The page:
Sure thing. I've been making comics professionally for over two years. Although I do work for mainstream indie books like Love The Way You Love for Oni, I perhaps enjoy doing my own mini comics even more. I've had work published in anthologies like Put The Book Back On The Shelf (the Belle & Sebastian graphic novel that Image put out a few years ago) and have dabbled in the odd bit of illustration, but it's comics where my heart lies.

Please tell us a little about your comics. You've been published professionally, but continue to self-publish. How do you balance those two aspects of your career?

Well, I don't think I balance the two aspects very well to be honest. I do my own small press books because it keeps my brain from going stale and to bring in some extra money, but if I get a job from, say, Image, then the small press goes out the window and The Work begins. But yeah, I try and do both, the small press scene is really vibrant and appealing and it seems that I get more exposure from that than I do from my professional work. Plus I find that bringing out more and more self-published books helps develop my art and sequential narrative style.

In terms of my comics, well, my minis are mostly autobiographical (Ellerbisms, Venal Muse) but I'm starting to explore different genres like fantasy, but in a tongue in cheek sorta way. In the last couple of months I finished working on Oni's rock and roll romance title Love The Way You Love, which is a sorta shojo manga inspired graphic novel series written by Jamie S Rich, so I guess the interacting themes from both sides would be emotions and perhaps romantic encounters.

Could you tell us a little more about your experiments with genre?

Well, I've ventured into odd comedy with my Polar Opposites series (where two penguins don't get along, some might say [they are] OPPOSITE to one another) and I'm currently writing a fantasy story about a girl who hunts monsters, but deals more with her troubles getting the bus to hunt these monsters than the actual hunting. But that's a comedy too, deep down. I guess I drift off to other venues when I get bored of working on the same thing all the time. Like, I started my Ellerbisms diary comics because I was getting bored of drawing the same characters and plot in Love The Way You Love. Switching things around keeps the brain fresh.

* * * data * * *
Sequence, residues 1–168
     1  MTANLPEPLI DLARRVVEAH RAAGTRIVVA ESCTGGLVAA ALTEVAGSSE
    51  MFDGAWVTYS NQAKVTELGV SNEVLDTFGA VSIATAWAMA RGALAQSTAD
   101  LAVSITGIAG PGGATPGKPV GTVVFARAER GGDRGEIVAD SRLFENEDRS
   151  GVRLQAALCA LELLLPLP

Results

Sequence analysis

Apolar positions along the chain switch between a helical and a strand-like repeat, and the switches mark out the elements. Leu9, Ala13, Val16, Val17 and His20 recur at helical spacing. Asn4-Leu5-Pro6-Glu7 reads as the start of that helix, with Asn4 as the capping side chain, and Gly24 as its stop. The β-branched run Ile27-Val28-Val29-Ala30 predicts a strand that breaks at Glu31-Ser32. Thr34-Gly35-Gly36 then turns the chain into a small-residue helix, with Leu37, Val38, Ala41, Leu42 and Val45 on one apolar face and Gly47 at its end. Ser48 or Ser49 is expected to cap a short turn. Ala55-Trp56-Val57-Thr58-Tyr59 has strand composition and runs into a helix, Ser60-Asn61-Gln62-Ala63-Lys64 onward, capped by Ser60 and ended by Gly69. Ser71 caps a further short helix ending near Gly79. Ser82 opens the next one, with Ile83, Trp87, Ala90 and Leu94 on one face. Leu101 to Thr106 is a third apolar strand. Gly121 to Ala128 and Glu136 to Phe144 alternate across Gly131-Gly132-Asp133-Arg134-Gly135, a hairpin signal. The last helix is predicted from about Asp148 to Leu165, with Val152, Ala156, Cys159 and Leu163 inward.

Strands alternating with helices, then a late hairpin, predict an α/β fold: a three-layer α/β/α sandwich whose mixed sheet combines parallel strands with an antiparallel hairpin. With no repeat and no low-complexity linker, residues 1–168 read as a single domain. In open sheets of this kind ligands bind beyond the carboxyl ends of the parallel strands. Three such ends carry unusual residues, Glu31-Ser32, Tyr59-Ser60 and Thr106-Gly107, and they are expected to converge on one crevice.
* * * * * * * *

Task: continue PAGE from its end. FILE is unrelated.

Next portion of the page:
As someone who writes and draws their own (small press) comics, can you tell us about how you work? Full script? Thumbnails to finished art with dialogue afterwards? Some other way?

I normally note-take to begin with, setting out ideas and then bang out a script that's mainly dialogue exchanges (making mental notes as I go along.) From there I thumbnail in full, then I let it sit for a day or two, return to it, give it a once over and start drawing. As I draw, I often change things around or add bits here and there, but, yeah, it progresses quite quickly I guess.

You mentioned manga. Is that something you're personally into and, if so, how has it informed your work?

I'm into it to a certain extent. I mean I can't really stand that Naruto and Bleach sorta thing, but I do think there's a ton of amazing manga out there. In fact the last three books I brought were all mangas. I'm into the mature "serious" side of manga, so works by Takehiko Inoue, Osamu Tezuka but especially Taiyo Matsumoto. I think he's one of my favourite artists ever.

I do like the Eastern way of storytelling, but I think with these three artists in particular, they honestly don't give a shit what manga demographic they should be in. Like if you read Shonen manga, 80% of it's the same but these three stick out to me because their storytelling's totally different and they all have fresh and independent styles. I love Matsumoto's jagged, rough line work, Tezuka's slick, animated characters and Inoue's mood and pacing.

Which cartoonists have influenced you and how can you see that influence in your comics?

Matt Groening, Andi Watson and Bryan Lee O'Malley. I think growing up with the Simpsons has had such a huge impact on me, like the early series were fried gold, but I picked up some of his Life Is Hell books and I love the way they're sorta crudely drawn but still have an appealing charm about them. I used to draw Bart a whole lot when I was younger and I guess some of it's stuck with me (especially with the eyes and hands.) Andi Watson is the best comic artist in England, FACT, and I love his storytelling and layouts, whereas with O'Malley I think every 20 something year old cartoonist finds him an influence. Scott Pilgrim opened a lot of doors with not only the themes he's exploring (video games meets relationship introspection) but also the way he's releasing his books, I think he's one of the few Western creators to really "get" manga storytelling and how to make a multi-volume series work. Plus his linework is fucking sick.